Largest Water Education Campaign kicks off in Kentucky
One of the largest water education projects in the southeastern United States, the Commonwealth Water Education Project (CWEP), kicked off its five-year long campaign from Tuesday, April 4 -7, 2006, during National Earth Month. The events were held at the Louisville Waterfront Development Corporation at the Waterfront Park in Louisville; Sanitation District No. 1 of Northern Kentucky in Fort Wright; Lost River Cave in Bowling Green; at McConnell Springs in Lexington, respectively. The $1.4 million project is a collaborative effort of twenty-four partners aimed at raising awareness of the number one source of water pollution--nonpoint source or runoff pollution. Targeting citizens of the Commonwealth, CWEP will educate Kentuckians about the sources of and solutions to nonpoint source pollution and encourage citizens to improve the quality of Kentucky's streams and rivers by changing small behaviors that collectively have large impacts on water quality.
Executive Director Jane Eller, Kentucky Environmental Education Council (KEEC); Andrea Zimmer, Office of Water Management, U.S. Environmental Protection Agency, Region 4; Associate University Provost David Howarth, University of Louisville; and others unveiled the features of the campaign. The event introduced TV and radio spots; the CWEP Web site www.inyourwater.org, produced by Western Kentucky University; demonstrations of causes and solutions; a water documentary "Common Ground, Cleaner Water" and a virtual watershed tour, both produced by KET; and other elements of the campaign.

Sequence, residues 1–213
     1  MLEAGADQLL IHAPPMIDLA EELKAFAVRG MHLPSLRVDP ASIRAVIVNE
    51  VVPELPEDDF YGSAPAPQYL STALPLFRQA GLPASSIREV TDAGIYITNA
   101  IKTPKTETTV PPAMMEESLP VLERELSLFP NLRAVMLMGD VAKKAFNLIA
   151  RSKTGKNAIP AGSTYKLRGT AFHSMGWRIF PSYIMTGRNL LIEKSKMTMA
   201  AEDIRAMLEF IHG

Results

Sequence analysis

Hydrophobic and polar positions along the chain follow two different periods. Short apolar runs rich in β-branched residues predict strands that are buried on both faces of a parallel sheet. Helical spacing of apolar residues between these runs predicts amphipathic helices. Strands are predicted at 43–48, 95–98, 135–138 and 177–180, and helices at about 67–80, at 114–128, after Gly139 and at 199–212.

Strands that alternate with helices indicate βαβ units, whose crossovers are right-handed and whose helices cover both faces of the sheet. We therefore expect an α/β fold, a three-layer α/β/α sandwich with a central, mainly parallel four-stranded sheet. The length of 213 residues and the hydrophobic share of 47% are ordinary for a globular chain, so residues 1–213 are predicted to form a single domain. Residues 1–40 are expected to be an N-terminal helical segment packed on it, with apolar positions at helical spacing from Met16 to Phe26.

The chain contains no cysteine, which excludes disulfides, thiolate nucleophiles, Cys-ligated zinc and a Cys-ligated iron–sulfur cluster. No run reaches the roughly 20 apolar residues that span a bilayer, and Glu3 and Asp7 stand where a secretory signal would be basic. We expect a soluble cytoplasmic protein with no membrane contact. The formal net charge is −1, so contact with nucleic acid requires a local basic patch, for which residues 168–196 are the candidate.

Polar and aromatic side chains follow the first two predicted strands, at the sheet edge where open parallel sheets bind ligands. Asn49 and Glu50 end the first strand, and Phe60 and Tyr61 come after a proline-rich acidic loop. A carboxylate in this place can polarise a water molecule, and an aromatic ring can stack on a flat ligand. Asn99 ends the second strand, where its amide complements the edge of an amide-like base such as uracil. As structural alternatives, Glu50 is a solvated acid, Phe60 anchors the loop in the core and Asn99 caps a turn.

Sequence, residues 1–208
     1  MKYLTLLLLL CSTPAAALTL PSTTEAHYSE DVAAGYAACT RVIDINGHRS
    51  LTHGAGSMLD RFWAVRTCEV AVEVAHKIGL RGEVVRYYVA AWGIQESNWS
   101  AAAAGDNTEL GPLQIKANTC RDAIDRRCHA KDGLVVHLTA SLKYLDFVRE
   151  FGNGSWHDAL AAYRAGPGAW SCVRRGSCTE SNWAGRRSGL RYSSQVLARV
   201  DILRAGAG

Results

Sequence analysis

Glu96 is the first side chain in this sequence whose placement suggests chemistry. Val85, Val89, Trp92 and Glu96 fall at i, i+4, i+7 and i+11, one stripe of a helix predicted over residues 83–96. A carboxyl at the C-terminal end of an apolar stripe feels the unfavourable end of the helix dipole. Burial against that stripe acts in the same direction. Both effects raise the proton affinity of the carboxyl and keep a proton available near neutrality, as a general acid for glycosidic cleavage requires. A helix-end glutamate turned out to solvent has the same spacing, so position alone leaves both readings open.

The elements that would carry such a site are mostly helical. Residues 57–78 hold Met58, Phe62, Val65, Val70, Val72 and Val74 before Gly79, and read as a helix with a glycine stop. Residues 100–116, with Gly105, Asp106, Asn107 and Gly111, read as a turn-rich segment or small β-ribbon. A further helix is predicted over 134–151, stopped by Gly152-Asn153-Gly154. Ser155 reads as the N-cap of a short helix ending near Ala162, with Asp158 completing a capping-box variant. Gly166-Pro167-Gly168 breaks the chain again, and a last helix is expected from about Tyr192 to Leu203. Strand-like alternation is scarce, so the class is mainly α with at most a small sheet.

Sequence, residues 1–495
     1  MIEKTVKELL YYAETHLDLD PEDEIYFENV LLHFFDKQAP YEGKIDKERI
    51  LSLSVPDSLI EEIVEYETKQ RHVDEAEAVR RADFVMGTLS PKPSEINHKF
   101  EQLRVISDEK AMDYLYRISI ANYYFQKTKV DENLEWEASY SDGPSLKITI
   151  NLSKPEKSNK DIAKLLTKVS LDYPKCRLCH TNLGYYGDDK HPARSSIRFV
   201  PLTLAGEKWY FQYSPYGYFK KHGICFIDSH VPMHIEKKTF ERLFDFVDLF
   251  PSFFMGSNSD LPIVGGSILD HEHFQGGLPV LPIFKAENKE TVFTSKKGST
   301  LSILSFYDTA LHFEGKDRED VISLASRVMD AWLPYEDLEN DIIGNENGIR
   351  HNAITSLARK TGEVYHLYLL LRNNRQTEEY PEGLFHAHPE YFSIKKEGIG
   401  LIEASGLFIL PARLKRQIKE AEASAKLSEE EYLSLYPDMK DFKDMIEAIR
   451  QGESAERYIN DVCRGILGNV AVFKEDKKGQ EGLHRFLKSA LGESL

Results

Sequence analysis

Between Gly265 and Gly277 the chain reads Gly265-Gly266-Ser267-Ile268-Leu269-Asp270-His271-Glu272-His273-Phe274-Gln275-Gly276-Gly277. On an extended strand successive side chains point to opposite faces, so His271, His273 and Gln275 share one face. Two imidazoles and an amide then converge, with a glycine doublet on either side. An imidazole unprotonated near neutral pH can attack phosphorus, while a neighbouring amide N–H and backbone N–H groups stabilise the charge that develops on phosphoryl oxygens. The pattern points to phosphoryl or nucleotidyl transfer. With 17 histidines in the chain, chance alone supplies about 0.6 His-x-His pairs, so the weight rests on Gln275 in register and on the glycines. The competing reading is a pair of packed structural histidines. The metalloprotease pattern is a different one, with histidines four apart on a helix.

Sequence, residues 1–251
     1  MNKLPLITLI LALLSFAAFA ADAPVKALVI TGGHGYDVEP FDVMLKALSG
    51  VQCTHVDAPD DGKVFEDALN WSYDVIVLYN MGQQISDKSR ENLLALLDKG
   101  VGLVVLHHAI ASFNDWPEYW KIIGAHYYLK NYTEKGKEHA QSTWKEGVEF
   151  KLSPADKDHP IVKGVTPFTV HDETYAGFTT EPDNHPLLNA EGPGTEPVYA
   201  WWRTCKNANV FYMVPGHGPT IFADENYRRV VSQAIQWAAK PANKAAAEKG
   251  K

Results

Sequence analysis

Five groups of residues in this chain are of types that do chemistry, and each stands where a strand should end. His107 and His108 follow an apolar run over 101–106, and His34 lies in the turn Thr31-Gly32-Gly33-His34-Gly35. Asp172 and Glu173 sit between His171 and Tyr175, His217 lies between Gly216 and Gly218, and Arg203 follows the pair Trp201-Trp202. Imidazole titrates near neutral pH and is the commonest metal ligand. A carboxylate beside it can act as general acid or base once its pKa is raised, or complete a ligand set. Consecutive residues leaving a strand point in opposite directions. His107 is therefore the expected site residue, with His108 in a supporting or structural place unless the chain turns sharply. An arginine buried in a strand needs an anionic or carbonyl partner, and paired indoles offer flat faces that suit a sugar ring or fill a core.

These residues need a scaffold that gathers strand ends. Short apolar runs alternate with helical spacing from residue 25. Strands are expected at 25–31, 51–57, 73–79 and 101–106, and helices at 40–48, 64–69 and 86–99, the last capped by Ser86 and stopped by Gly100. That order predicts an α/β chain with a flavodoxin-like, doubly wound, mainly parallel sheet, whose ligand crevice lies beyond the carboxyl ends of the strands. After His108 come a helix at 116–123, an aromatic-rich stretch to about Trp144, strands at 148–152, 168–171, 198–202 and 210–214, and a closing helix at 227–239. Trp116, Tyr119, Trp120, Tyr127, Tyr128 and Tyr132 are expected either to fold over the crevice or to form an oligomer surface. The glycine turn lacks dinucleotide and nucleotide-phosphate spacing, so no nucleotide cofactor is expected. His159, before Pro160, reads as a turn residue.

According to a 2004 survey of environmental knowledge and attitudes in Kentucky (http://keec.ky.gov), while the majority of Kentuckians believe water quality is the most important environmental problem facing the Commonwealth, only 17% could correctly identify runoff pollution as our leading cause of water pollution. With over 89,000 miles of rivers and streams, Kentucky has an abundance of water resources. However, approximately one-half of the water bodies are threatened or impaired by contamination. According to KEEC’s Executive Director Jane Eller, “Many of the state’s waterways are so polluted that it is not safe to swim in or eat fish taken from them. Of these, two-thirds are polluted by nonpoint sources caused by the many small unintended acts of all of us. By simply learning what actions each of us can do to prevent runoff and then taking those actions, we can significantly reduce water pollution in Kentucky. This project is designed to make all our citizens aware of the simple, individual actions they each can take to protect one of the Commonwealth's most important and most beautiful resources, our water.”
For questions regarding the project, visit the CWEP Web site www.inyourwater.org, or contact Kristen Dunaway, project coordinator, firstname.lastname@example.org, (502) 777-5429.
This project is funded in part by a grant from the U.S. Environmental Protection Agency, under the Clean Water Act, through the Kentucky Division of Water, to The University of Louisville.